The Warriors will face a Clippers team with similar issues. While Chris Paul continues to operate at a MVP level and Blake Griffin and Jamal Crawford supply their usual All-Star-level production, the Clippers (believe it or not) miss J.J. Redick‘s presence on the floor. Paul needs a backcourt mate capable of spreading the floor on a consistent basis in order to take full advantage of the Clippers’ assets. Their defensive shortcomings, however, remain one of the biggest concerns for coach Doc Rivers. But you knew it would take more time for them to get adjusted on that side of the ball. And to be honest, that should be a moot point against the Warriors. The Christmas Day nightcap figures to be an offensive shootout anyway!

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VIDEO: NBA players and teams show the true meaning of the season by giving back

Morning Shootaround — Dec. 24


VIDEO: Highlights from all of Monday’s NBA games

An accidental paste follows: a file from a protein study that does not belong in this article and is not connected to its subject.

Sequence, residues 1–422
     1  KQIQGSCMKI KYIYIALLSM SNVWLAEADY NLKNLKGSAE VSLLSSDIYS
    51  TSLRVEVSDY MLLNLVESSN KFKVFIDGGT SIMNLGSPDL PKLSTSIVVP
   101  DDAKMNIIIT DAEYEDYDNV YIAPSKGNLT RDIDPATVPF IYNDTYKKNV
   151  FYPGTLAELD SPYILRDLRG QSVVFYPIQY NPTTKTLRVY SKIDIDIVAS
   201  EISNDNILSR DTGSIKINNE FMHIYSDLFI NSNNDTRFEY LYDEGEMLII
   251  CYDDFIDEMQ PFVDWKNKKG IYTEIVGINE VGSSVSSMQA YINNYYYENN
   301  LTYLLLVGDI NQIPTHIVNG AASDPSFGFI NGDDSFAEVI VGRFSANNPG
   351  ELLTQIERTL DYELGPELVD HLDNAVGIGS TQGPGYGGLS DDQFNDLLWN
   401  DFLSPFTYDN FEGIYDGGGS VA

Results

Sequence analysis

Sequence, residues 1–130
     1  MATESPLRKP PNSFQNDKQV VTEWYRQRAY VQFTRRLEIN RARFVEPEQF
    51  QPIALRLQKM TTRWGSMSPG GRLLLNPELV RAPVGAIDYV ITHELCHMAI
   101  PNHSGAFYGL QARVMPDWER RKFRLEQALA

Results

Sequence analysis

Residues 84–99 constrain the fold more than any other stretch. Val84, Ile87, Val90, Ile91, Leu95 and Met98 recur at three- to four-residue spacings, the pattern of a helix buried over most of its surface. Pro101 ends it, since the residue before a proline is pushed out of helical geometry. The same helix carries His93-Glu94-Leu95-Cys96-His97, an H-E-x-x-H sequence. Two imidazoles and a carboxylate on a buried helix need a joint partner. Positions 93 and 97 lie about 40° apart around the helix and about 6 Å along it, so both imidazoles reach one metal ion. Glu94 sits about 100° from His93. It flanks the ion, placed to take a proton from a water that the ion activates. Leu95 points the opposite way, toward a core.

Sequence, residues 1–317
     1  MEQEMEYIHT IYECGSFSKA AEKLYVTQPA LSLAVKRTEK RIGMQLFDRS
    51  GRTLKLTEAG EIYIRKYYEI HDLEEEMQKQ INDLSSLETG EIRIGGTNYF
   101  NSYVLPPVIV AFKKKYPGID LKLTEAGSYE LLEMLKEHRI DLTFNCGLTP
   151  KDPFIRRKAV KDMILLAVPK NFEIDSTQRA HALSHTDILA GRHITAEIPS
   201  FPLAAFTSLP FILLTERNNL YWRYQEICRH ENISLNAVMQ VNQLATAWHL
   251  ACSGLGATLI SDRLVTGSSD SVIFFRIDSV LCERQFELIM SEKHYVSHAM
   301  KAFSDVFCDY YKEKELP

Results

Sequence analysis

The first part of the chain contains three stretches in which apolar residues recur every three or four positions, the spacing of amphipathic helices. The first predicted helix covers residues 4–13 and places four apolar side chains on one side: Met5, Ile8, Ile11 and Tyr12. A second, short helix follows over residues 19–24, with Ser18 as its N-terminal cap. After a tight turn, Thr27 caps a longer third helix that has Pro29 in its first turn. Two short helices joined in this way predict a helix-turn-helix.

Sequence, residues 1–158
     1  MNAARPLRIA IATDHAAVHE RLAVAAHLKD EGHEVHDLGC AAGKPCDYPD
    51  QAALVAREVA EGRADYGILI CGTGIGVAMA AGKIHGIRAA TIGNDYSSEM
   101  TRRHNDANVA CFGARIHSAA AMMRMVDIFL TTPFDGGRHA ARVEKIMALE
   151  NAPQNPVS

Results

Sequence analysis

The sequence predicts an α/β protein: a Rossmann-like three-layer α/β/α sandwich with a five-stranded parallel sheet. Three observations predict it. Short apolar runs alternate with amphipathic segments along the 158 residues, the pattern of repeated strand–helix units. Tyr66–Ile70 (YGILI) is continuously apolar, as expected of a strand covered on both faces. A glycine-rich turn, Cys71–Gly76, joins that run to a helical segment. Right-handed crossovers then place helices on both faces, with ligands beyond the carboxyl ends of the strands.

NEWS OF THE MORNING

Melo sprains ankle | Pierce, Nets implode, Kidd explodes | Dirk climbs all-time list | Wade sits, LeBron shines | End of the Lottery?

No. 1: Melo leaves with sprained ankle– As if enough hasn’t happened to the New York Knicks in the season’s first two months, now they’re dealing with a sprained left ankle to their best player, Carmelo Anthony. The club’s leading scorer limped to the locker room in the third quarter of New York’s 103-98 win over Orlando. Yes, the Knicks still managed to hold on and win. Oh, to make matters worse, point guard Raymond Felton, who had just returned from injury, left in the fourth quarter with a strained right groin. Both players will be reevaluated Tuesday and Anthony insisted he’s hoping to play on Wednesday, Christmas Day, when the Knicks play host to the Oklahoma City Thunder (2:30 ET, ABC).

More from Peter Botte of the New York Daily News:

“It’s on. I still have it. It ain’t going nowhere, so I’ll be there,” Anthony said of his sprained ankle. “Hopefully, I’ll be there. … It’s Christmas in the Garden. I don’t want to miss that game. I don’t know, I’m hard-headed sometimes when it comes to that. But I’ve got two days.”